Tuesday. Emelia looks the same as yesterday: “chilling on high-flow” as the night team tells me at 7:00 am. On rounds, we discuss intubation thresholds in COVID patients, a moving target whose pendulum has swung far to one side then back again and is now settling somewhere at it’s equilibrium. We know COVID patients who get intubated have poor outcomes. If they survive, they remain unwell for months. We look at various data points, but ultimately it’s her easy chest movements that have me declare she’ll likely make it through the night without needing mechanical ventilation.
Wednesday. Emelia looks the same as yesterday. The nurse reports various desaturations. Any movements, even eating, drop her saturations into the eighties. Patience, I urge; this happens to all the COVID patients. I quiz the residents. “The Pregnant Airway” (sic) is the title of book chapters and lunchtime PowerPoint talks, which dictate lists of many considerations when taking control of the most precious piece of real estate in the human body. We agree it’s not yet time to pull the trigger on intubation. “Let’s give it another day,” I announce.
Thursday. Mike is one of those respiratory therapists who is always right. He’s been around a while, and we all know his expertise is not to be dismissed. It’s his first day meeting Emelia, and after looking at her oxygen needs he thinks I’m crazy when on rounds I say, “Emelia looks the same as yesterday. Let’s give it another day.” Mike’s facial expressions make me doubt myself; I stare at her breathe, wondering if I’ve made the right call. I go home that night and call Heather, and we chat about nothing really, and after two minutes, we hang up.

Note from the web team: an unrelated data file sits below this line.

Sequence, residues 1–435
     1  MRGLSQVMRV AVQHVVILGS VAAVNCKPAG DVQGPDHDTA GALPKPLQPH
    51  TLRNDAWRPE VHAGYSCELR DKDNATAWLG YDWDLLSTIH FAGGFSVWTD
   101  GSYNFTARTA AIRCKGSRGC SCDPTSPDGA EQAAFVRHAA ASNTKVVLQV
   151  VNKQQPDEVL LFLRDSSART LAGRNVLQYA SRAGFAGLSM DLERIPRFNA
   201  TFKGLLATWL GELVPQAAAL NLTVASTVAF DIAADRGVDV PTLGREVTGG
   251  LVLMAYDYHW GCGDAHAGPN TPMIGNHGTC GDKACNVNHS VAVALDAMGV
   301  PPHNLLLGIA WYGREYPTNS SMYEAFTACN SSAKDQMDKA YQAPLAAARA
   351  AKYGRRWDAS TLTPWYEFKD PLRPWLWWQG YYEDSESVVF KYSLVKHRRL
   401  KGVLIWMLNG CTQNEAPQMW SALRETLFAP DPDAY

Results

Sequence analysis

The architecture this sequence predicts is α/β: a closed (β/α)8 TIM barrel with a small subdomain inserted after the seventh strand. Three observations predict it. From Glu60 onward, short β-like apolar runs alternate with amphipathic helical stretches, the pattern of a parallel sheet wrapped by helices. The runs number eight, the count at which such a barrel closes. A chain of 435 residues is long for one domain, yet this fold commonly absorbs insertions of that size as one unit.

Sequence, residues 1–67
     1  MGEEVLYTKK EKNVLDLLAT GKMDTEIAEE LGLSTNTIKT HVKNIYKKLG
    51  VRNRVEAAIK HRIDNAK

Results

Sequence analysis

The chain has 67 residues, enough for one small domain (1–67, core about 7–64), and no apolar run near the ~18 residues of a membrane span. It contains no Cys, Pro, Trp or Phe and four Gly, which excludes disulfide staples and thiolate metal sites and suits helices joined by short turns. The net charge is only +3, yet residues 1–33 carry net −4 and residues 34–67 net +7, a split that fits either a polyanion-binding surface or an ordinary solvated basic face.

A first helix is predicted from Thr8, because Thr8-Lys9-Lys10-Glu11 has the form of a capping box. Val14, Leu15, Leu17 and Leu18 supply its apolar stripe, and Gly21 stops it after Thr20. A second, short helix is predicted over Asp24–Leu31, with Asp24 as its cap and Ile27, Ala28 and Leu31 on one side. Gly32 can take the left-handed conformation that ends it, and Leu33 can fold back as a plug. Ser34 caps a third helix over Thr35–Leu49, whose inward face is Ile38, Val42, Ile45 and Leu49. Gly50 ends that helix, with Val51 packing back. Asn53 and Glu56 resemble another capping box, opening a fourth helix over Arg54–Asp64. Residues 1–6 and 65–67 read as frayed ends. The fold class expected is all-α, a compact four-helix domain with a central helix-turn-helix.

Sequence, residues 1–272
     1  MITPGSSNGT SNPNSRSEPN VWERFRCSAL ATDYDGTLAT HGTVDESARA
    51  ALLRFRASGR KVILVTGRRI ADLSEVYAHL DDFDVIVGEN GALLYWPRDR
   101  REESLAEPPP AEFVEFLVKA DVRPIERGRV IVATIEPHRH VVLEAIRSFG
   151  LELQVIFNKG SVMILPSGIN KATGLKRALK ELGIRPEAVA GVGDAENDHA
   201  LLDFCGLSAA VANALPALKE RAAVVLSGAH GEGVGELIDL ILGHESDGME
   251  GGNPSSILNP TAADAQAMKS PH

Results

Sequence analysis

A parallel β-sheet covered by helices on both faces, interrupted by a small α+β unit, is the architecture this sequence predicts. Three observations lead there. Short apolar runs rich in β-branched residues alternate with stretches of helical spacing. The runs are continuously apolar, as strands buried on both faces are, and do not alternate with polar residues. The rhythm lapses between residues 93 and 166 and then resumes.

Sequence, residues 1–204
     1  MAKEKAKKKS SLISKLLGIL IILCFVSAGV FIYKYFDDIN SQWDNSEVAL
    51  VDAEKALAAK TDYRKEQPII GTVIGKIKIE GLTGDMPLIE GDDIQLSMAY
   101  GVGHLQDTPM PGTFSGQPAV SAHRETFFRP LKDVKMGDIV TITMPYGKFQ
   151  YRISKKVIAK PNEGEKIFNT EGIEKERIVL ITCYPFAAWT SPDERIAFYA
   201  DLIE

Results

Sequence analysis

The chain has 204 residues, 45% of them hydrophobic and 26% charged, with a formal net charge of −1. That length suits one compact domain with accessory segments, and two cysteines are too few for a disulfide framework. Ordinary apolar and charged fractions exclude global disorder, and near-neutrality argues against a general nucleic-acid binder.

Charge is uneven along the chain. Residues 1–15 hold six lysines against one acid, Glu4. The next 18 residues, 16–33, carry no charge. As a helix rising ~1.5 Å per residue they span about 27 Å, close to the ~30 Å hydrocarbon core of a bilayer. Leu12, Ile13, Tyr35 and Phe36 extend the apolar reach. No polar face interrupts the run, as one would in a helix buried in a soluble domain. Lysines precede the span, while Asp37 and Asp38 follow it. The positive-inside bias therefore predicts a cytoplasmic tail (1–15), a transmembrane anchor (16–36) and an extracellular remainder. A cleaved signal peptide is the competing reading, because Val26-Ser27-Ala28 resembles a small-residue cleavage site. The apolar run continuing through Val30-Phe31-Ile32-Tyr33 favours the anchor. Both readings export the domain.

Friday. There is a tiredness hovering over the team as we round for which sleep will not help. We are accumulating COVID patients, and the curves printed daily in the newspaper make certain we’ll accumulate more. We arrive outside K440 and peer through the window. “She looks the same,” says one resident. “I dunno, she seems a bit despondent,” says another. This is how we assess her; ten feet away, a pane of glass separating clean air from danger, opinions based on mental images of the week gone by. Mike’s position hasn’t budged and I feel like I can hear his internal monologue through his judging eyes. Five days of high flow nasal cannula, which both Mike and the nurse remind me is at “the max.” I start to flip-flop but my attending reassures me. As a compromise, we scan her for a pulmonary embolism. No clot. “She looks the same today. We wait,” says X or I say.